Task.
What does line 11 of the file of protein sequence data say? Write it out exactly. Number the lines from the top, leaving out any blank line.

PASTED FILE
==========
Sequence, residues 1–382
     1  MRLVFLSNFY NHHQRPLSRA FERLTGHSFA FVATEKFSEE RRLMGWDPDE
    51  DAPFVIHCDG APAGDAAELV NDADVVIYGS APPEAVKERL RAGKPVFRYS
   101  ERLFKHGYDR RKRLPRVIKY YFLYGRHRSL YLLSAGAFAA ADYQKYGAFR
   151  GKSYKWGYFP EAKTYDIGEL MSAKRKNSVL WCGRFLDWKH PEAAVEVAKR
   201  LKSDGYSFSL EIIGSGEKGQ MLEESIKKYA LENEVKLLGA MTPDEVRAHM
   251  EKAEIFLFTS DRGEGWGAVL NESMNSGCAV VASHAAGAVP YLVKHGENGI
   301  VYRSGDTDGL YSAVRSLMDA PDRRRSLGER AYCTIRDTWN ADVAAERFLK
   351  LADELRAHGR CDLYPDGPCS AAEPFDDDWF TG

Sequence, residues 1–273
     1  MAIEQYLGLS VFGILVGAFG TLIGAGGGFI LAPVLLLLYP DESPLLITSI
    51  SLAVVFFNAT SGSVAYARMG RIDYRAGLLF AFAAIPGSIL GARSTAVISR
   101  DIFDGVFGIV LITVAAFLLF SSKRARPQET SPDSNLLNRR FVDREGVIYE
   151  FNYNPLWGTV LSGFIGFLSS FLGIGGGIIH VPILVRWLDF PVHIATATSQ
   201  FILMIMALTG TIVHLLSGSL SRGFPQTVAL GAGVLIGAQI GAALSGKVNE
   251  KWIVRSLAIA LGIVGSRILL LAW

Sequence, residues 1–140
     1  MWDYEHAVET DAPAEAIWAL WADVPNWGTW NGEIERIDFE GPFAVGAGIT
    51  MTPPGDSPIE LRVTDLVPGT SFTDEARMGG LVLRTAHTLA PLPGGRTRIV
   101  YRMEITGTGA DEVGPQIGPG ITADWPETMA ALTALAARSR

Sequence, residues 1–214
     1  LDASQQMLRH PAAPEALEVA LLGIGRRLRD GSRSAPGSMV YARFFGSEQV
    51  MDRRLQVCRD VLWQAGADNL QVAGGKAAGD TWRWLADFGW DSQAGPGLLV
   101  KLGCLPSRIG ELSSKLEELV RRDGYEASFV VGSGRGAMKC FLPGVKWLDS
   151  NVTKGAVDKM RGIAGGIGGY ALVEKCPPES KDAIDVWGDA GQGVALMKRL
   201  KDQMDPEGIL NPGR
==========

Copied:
     1  MAIEQYLGLS VFGILVGAFG TLIGAGGGFI LAPVLLLLYP DESPLLITSI